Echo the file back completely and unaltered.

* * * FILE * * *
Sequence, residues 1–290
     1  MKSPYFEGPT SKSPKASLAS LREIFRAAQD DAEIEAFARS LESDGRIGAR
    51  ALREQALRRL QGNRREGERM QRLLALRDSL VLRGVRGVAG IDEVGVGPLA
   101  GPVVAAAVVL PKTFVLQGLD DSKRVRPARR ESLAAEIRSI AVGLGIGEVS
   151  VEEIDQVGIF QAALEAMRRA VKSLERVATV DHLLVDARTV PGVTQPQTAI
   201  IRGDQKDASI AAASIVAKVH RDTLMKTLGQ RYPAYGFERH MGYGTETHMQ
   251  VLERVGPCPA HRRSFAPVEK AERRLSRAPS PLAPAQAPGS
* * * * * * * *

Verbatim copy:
Sequence, residues 1–290
     1  MKSPYFEGPT SKSPKASLAS LREIFRAAQD DAEIEAFARS LESDGRIGAR
    51  ALREQALRRL QGNRREGERM QRLLALRDSL VLRGVRGVAG IDEVGVGPLA
   101  GPVVAAAVVL PKTFVLQGLD DSKRVRPARR ESLAAEIRSI AVGLGIGEVS
   151  VEEIDQVGIF QAALEAMRRA VKSLERVATV DHLLVDARTV PGVTQPQTAI
   201  IRGDQKDASI AAASIVAKVH RDTLMKTLGQ RYPAYGFERH MGYGTETHMQ
   251  VLERVGPCPA HRRSFAPVEK AERRLSRAPS PLAPAQAPGS